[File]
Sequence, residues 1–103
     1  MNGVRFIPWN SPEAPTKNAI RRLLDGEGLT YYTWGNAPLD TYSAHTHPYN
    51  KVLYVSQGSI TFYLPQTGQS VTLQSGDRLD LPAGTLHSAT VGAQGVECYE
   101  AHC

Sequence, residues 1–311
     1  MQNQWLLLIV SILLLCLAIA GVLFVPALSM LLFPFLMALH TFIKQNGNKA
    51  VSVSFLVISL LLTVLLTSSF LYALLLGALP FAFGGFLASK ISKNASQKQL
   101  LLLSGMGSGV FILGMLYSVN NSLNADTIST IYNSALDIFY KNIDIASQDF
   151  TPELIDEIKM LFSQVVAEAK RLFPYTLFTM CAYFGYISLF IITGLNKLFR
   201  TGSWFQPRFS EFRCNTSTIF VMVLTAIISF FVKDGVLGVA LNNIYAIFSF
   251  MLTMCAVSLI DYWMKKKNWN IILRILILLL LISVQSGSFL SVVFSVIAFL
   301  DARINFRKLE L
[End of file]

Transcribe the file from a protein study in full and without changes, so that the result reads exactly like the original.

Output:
Sequence, residues 1–103
     1  MNGVRFIPWN SPEAPTKNAI RRLLDGEGLT YYTWGNAPLD TYSAHTHPYN
    51  KVLYVSQGSI TFYLPQTGQS VTLQSGDRLD LPAGTLHSAT VGAQGVECYE
   101  AHC

Sequence, residues 1–311
     1  MQNQWLLLIV SILLLCLAIA GVLFVPALSM LLFPFLMALH TFIKQNGNKA
    51  VSVSFLVISL LLTVLLTSSF LYALLLGALP FAFGGFLASK ISKNASQKQL
   101  LLLSGMGSGV FILGMLYSVN NSLNADTIST IYNSALDIFY KNIDIASQDF
   151  TPELIDEIKM LFSQVVAEAK RLFPYTLFTM CAYFGYISLF IITGLNKLFR
   201  TGSWFQPRFS EFRCNTSTIF VMVLTAIISF FVKDGVLGVA LNNIYAIFSF
   251  MLTMCAVSLI DYWMKKKNWN IILRILILLL LISVQSGSFL SVVFSVIAFL
   301  DARINFRKLE L